Publisher: Square Enix
Developer: Square Enix
I don’t feel like I’ve put enough time into Final Fantasy Explorers to give it a proper review just yet, but with the game launching this week it’s probably worth putting my thoughts down for those that are thinking about picking it up. Honestly, I’m not too enthused by Final Fantasy Explorers as of yet, and barring some sort of significant change later in the game, I’m not expecting my opinion to change much.
So what is Final Fantasy Explorers? Essentially it’s a Monster Hunter clone, but it feels more akin to Ragnarok Odyssey than MH so far. You control a customized hero and take on various quests from a central hub, which also gives you access to a crafter, item shop, and a few other NPC’s to interact with. Your overall world map expands into new zones as you take on new quests, featuring large, open areas with enemies battled in real-time, using basic one button attacks in conjunction with special skills and magic.
Defeated monsters earn you items, which are generally good only for upgrading your existing gear or crafting new weapons, shields, and other pieces of armor. Most of the popular Final Fantasy job classes are present, and you can switch between jobs at any time. This gives you access to job/weapon specific skills to use, which allow for buffs, debuffs, and a variety of other effects. I’m certainly not down on the customization that’s on offer here, you can really outfit your character with a number of abilities early on, which are further enhanced by the weird skill mutation mechanic. This adds modifiers to existing skill types that can level up with more use, and isn’t explained very well but adds a fair amount to the game.
Multiplayer is a major focus in Final Fantasy Explorers, enough so that it doesn’t feel very viable to play this game by yourself at all. There’s a series of quests early in the game that pit you against classic Eidolons like Shiva and Ifrit. These fights will be incredibly hard for solo players early on, and the game stresses that you tackle these quests with other players. Thankfully matchmaking is simple enough, and the game supports online and offline co-op. This is probably the most surprising thing for me, it was very easy to get into a group of four even prior to launch, with very little downtime between searching for open rooms and joining active sessions. Overall I’m fairly impressed with the online component, and ideally that’ll hold up when the game launches tomorrow.
So what isn’t good? Well, while the 4-player co-op is a nice feature, Final Fantasy Explorers can’t handle much onscreen action before the framerate takes a serious dive. We’re talking single digit numbers here, enough so that the game slows to a crawl during any of the aforementioned Eidolon battles. The framerate is consistently poor, and this is on a “New” 3DS model as well.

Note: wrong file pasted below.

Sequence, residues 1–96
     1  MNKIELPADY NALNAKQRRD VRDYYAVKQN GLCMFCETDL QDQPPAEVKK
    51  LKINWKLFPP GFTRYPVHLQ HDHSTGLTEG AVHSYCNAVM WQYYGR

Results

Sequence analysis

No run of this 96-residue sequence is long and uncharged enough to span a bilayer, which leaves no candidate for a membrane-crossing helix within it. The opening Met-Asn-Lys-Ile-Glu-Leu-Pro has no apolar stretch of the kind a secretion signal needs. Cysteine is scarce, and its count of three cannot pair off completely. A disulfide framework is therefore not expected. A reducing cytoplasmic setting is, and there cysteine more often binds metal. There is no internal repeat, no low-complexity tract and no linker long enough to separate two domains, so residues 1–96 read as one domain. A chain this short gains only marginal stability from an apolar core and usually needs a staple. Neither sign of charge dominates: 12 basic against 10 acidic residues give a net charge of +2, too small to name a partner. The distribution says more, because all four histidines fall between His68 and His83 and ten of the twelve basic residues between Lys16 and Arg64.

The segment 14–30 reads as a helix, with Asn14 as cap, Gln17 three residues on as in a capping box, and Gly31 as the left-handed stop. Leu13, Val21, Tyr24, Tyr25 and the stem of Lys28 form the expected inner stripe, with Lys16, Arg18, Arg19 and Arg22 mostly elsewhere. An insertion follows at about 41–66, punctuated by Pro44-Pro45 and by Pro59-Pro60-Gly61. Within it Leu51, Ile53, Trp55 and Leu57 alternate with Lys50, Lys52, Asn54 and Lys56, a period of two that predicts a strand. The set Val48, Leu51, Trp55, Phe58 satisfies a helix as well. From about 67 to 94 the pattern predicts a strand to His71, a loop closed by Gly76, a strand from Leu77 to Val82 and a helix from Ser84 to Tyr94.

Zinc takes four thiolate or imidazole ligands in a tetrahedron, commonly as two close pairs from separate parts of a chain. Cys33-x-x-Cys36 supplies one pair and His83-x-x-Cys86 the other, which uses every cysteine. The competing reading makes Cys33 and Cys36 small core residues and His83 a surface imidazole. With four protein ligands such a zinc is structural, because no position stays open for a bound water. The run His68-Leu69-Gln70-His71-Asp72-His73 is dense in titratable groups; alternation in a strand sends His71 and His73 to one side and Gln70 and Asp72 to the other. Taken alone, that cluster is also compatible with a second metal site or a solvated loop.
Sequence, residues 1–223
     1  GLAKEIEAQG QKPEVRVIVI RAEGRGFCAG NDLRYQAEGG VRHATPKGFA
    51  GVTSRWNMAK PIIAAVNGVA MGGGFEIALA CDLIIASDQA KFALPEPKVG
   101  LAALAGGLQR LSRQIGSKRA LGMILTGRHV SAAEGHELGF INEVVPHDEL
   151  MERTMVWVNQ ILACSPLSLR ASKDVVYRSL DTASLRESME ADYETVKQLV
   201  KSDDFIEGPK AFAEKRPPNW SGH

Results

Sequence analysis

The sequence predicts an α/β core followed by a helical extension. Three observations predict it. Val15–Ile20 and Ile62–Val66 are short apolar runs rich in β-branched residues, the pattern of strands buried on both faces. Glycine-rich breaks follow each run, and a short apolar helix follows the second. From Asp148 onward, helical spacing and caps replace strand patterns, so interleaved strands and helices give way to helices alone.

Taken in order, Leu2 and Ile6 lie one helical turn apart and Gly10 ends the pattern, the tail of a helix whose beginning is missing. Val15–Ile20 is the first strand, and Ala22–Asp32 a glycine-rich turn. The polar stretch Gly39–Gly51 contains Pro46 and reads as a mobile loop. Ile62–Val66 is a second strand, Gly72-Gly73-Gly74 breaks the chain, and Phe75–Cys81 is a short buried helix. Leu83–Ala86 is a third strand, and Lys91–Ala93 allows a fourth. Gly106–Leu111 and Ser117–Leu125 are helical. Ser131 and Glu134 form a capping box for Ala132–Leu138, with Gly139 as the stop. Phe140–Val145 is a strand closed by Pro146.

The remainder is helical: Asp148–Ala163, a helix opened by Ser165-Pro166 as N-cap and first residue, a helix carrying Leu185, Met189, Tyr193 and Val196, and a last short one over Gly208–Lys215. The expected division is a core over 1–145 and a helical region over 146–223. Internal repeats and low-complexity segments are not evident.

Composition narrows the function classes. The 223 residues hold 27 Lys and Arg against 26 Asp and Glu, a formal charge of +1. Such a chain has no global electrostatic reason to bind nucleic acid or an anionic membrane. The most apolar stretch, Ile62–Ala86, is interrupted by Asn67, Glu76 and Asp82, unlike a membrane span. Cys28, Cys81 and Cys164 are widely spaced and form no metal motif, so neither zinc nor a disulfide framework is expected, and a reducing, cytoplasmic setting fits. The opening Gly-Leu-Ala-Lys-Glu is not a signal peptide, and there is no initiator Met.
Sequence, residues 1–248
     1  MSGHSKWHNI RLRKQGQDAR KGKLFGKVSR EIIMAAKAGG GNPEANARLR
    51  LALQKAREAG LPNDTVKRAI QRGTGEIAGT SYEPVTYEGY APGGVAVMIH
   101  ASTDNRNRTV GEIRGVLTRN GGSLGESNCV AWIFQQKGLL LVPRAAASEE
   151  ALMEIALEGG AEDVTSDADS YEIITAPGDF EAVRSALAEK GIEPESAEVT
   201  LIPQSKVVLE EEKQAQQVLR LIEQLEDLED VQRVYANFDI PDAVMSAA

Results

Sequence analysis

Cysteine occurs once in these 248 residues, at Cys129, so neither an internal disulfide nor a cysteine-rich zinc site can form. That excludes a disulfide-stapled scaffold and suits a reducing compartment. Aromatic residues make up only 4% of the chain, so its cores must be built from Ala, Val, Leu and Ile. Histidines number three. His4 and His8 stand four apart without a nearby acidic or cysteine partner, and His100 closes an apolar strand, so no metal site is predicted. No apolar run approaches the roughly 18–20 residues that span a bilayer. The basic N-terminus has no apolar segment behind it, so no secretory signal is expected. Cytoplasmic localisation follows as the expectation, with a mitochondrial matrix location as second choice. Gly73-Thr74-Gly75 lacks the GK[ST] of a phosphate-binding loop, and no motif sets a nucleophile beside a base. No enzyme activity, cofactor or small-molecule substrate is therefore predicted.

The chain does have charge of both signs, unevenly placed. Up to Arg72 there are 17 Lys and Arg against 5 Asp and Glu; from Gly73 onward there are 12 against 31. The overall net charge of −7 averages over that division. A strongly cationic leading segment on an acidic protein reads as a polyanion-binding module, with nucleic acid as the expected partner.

Fighting normal mobs is also remarkably boring, which is unfortunate considering how much of it you’ll do early on. While there’s only three quests branded as tutorials, a lot of the 1 and 2 star quests you encounter boil down to killing a certain number of enemies or collecting items. This isn’t unusual for the genre, but combat is far too easy against normal foes, especially compared to the spike in difficulty the Eidolon battles present. It takes a few hours before Final Fantasy Explorers presents any sort of real challenge, which may be just enough time for the average player to lose interest in the experience.
Also, while Final Fantasy Explorers does offer an upgrade and crafting system, your options in the early game are pretty poor and underwhelming. Pretty much every defeated enemy will drop an item, most of which can be used to upgrade various stats on armor and weapons. But these upgrades are super incremental, rarely offering up more than a single point which feels largely inconsequential. Adding five points to accuracy or attack power shows no real significant difference while in combat, and it can take a fairly large number of items just to get those five points. This makes the overall progression with gear feel very, very tedious, with little incentive to get back out to the world and wipe out mobs of generic enemies over and over again. Even boss fights offer substandard rewards, which is doubly disappointing.
So yeah, Final Fantasy Explorers isn’t exactly rocking my world at the moment. I’m hoping that if I stick with it, and get into the higher star quests, that something will turn itself around. But if the early game is any indication of what’s to come, I’d honestly suggest holding off on picking this up on day one. Expect a more full-fledged review shortly.